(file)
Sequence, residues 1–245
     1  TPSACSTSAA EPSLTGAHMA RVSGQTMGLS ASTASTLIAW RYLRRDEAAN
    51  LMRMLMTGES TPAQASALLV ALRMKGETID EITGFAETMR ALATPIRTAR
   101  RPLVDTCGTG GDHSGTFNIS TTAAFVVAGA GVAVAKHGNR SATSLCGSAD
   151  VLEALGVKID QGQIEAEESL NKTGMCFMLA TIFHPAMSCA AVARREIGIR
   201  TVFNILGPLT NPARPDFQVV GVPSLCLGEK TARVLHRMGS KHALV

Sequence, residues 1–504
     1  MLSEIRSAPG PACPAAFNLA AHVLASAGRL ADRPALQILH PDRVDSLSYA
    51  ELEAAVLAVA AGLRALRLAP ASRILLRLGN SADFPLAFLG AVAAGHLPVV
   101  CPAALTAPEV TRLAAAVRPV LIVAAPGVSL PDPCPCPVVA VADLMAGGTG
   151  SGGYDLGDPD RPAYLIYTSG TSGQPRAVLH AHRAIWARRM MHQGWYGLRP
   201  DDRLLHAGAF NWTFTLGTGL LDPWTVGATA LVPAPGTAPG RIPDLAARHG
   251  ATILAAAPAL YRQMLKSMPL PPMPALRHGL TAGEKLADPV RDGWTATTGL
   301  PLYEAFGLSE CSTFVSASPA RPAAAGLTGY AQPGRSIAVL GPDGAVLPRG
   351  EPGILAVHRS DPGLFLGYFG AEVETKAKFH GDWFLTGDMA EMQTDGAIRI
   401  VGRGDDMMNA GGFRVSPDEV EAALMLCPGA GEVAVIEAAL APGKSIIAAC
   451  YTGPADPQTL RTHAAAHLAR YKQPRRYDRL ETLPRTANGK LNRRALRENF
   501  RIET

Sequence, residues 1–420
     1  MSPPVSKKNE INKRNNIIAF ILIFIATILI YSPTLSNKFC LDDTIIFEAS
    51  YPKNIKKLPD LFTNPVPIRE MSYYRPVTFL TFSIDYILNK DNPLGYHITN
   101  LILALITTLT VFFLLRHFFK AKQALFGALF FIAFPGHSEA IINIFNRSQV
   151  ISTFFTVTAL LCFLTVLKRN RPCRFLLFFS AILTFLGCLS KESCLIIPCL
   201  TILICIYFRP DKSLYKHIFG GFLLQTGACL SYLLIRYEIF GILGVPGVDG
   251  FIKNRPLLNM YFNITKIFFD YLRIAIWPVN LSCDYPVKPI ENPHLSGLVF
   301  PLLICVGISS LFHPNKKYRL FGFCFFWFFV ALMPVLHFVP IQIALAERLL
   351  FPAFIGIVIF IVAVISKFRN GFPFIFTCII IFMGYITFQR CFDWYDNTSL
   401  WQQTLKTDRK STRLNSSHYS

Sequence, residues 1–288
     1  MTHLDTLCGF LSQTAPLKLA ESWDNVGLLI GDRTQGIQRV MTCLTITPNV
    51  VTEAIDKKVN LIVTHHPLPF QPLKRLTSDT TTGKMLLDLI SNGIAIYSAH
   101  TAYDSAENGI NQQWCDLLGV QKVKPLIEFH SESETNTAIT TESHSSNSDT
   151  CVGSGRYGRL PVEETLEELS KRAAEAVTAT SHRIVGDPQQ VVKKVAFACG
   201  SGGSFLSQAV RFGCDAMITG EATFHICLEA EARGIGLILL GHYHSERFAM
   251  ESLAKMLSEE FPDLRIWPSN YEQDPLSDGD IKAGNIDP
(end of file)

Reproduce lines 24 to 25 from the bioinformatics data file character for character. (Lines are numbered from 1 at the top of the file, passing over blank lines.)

   201  TILICIYFRP DKSLYKHIFG GFLLQTGACL SYLLIRYEIF GILGVPGVDG
   251  FIKNRPLLNM YFNITKIFFD YLRIAIWPVN LSCDYPVKPI ENPHLSGLVF